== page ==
Book Review: SHoP: Out of Practice

SHoP: Out of Practice by SHoP Architects
The Monacelli Press, 2012
Hardcover, 420 pages

Given their output, it is probably surprising to many people that this is the first monograph on New York City-based SHoP Architects. But given the firm's distinct levels of diversity, control, and perfection -- evident in the fact they designed the branding and graphic design that defines the look and feel of the book -- this shouldn't be a surprise after all. Founded in 1996 by Christopher Sharples, Coren Sharples, William Sharples, Kimberly Holden, and Gregg Pasquarelli, the firm's name starts to describe the defining traits of the now 60-person firm. As an acronym of the five partner's last names, SHoP expresses the founding individuals but also a focus on the larger team and the desire to build. The last, as it becomes apparent reading the introduction by Philip Nobel and the various essays by SHoP, is what drove the five to start their own firm and what defines its shape and its output. Straddling the realms of high design, academia, and the corporate, SHoP is increasingly seen as a model for a successful 21st-century architecture office, the antithesis of traditional models based on the single design guru or the service firm on the other spectrum.

Evidence of their unique position can be found in the various offshoots and collaborations that extend from the base of SHoP Architects: SHoP Construction was created to "utilize emerging technologies to provide sustainable construction management"; HeliOptix aims "to become the preeminent supplier of building integrated energy saving and producing systems for new and existing commercial facilities"; and G.Works, a partnership between HR&A Advisors and Buro Happold Consulting Engineers, that is "a single source for real estate energy efficiency projects" and is working with SHoP on their South Street Seaport project. These companies illustrate the reach of SHoP's thinking and day-to-day activities beyond just design, even though it's clear that the firm has strong design skills and is able to get them realized to better effect through their firm structure. SHoP is most outspoken about their willingness to use digital technologies to aid in fabrication of various components (facades, screens, etc.) through an early involvement with fabricators and other sub-contractors. This approach extends their risk but often equates with more design control and the ability to achieve more innovative designs at the cost of standard solutions.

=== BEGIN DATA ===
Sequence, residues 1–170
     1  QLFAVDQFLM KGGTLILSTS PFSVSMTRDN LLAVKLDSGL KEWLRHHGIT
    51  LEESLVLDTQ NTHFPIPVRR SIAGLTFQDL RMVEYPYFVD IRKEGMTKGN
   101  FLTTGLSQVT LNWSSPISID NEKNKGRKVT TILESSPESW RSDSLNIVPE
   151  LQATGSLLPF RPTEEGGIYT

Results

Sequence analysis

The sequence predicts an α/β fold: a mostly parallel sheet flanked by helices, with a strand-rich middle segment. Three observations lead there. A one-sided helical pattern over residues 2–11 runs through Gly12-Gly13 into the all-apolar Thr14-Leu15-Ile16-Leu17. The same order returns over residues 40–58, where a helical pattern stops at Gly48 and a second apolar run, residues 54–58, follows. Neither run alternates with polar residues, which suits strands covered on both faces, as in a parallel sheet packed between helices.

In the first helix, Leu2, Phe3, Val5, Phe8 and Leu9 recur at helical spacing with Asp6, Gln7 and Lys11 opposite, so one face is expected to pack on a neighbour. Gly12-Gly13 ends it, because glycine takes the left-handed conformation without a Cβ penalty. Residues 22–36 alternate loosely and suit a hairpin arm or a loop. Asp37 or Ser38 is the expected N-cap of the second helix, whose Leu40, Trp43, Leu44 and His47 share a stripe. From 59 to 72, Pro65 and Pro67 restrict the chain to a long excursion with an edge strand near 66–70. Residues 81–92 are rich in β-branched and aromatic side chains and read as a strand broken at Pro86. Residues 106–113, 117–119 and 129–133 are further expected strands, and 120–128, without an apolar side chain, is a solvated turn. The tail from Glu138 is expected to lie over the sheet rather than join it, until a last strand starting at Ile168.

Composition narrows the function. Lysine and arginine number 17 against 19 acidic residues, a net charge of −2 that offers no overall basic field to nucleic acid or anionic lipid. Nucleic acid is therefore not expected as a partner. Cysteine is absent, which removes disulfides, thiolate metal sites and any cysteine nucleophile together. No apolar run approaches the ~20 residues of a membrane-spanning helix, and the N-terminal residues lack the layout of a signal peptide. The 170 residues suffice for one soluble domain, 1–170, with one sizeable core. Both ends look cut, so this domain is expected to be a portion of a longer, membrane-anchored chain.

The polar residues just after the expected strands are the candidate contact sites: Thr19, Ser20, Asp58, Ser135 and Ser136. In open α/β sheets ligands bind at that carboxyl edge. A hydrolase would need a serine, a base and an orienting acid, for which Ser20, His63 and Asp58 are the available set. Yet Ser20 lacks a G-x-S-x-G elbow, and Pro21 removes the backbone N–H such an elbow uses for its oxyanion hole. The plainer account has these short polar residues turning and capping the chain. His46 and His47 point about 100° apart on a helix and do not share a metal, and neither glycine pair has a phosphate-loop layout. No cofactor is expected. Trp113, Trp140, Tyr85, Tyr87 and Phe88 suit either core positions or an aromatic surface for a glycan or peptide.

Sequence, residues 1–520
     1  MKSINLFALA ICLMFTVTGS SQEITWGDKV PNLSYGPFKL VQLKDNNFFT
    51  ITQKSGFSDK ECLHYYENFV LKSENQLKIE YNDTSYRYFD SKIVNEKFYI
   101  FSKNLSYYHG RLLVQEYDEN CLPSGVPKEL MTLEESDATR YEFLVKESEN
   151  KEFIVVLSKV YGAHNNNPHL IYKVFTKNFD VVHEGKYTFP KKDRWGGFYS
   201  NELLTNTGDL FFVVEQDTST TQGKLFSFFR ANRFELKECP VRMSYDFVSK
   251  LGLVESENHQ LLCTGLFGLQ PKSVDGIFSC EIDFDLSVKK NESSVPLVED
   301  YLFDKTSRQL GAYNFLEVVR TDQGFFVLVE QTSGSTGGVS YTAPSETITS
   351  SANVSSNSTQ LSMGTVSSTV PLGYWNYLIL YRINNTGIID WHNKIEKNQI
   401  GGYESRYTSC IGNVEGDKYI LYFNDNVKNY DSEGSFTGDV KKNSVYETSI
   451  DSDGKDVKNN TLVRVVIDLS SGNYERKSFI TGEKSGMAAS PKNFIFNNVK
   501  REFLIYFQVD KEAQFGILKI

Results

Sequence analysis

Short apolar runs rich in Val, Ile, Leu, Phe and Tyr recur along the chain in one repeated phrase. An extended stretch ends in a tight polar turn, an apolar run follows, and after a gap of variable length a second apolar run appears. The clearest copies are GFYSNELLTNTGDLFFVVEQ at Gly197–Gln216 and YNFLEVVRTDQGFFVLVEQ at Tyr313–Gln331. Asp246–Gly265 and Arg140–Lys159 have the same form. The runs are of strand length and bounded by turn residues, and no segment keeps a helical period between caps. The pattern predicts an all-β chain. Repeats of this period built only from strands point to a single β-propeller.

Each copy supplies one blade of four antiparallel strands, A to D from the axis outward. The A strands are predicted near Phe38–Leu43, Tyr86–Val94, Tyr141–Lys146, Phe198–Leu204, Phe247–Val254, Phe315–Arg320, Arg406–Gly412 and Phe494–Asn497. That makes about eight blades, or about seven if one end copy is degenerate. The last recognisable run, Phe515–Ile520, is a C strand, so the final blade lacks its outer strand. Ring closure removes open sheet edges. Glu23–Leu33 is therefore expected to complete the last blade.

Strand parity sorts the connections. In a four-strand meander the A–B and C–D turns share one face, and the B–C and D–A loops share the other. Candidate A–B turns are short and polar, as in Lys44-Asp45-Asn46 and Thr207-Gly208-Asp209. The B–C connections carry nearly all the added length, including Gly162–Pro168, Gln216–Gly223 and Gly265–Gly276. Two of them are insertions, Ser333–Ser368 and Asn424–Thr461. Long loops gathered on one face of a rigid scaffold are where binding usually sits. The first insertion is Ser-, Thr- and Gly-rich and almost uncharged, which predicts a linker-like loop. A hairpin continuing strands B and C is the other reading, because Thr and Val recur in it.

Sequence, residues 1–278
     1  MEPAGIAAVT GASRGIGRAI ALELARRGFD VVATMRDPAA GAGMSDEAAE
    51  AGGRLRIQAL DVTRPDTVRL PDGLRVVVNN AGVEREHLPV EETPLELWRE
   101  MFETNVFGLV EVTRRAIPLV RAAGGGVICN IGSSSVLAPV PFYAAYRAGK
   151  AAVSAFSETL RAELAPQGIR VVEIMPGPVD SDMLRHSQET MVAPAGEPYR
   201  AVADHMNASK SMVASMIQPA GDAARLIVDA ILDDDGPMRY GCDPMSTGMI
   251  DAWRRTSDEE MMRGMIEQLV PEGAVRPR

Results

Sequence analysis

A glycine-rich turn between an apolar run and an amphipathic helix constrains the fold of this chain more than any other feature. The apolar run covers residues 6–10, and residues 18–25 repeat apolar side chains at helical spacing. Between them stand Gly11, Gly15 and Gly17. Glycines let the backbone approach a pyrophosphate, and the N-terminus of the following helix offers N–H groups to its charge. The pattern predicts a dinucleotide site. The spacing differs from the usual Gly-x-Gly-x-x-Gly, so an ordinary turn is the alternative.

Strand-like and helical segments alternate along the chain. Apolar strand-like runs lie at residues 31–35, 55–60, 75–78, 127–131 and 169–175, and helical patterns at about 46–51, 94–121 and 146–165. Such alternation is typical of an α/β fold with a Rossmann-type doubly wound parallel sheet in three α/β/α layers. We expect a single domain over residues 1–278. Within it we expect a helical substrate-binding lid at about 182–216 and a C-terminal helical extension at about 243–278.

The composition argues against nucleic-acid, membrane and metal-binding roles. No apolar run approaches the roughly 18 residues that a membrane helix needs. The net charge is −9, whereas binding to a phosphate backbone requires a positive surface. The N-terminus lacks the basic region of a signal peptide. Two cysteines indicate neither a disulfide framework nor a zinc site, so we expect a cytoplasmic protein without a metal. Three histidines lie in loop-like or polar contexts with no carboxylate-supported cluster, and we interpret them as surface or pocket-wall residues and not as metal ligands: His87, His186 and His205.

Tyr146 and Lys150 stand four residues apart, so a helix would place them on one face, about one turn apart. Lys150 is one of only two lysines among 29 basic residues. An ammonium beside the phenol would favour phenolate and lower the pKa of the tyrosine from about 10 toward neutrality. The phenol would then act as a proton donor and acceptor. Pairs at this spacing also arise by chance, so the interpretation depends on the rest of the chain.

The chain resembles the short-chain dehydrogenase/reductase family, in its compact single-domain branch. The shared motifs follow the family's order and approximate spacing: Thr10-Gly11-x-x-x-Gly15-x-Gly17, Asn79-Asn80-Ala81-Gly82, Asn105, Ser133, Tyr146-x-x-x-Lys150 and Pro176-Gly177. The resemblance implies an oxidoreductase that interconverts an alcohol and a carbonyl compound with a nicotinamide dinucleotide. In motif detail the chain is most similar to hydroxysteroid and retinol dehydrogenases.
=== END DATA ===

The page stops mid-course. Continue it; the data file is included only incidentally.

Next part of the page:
The sizable monograph, handsomely covered in green linen with embossed text, collects 13 completed and in-progress projects. These range from their first project (MoMA/PS1's Dunescape) to the Barclays Center at Atlantic Yards, which will make their name more commonplace beyond the architectural circles where they are currently known; the high-profile stadium for the Nets will be a visible piece of the unfolding saga of Atlantic Yards as well as a photogenic backdrop for televised basketball games.  Between each project are visual essays that describe the various ways that SHoP distinguishes itself in its approach to architectural design and construction. Examples include "What classifies architectural practice?", "What makes construction intelligent?", and "Can we go beyond green bling?" Halfway through the book the partners delve into these and other areas with a long text essay that uses narratives to describe how their approach actually works in practice. The accumulation of text (including Nobel's intro), visual essays, and the documentation of the projects leads to a good deal of insight into SHoP without sharing all of their secrets. Over the course of fifteen years they have gained the skills and defined a unique approach that not only sets them apart from their peers but has allowed them to grow at a time when most firms are shrinking. As the in-progress projects attest, this means larger projects around the world and a diversity of designs that stem from their uniqueness without screaming "SHoP."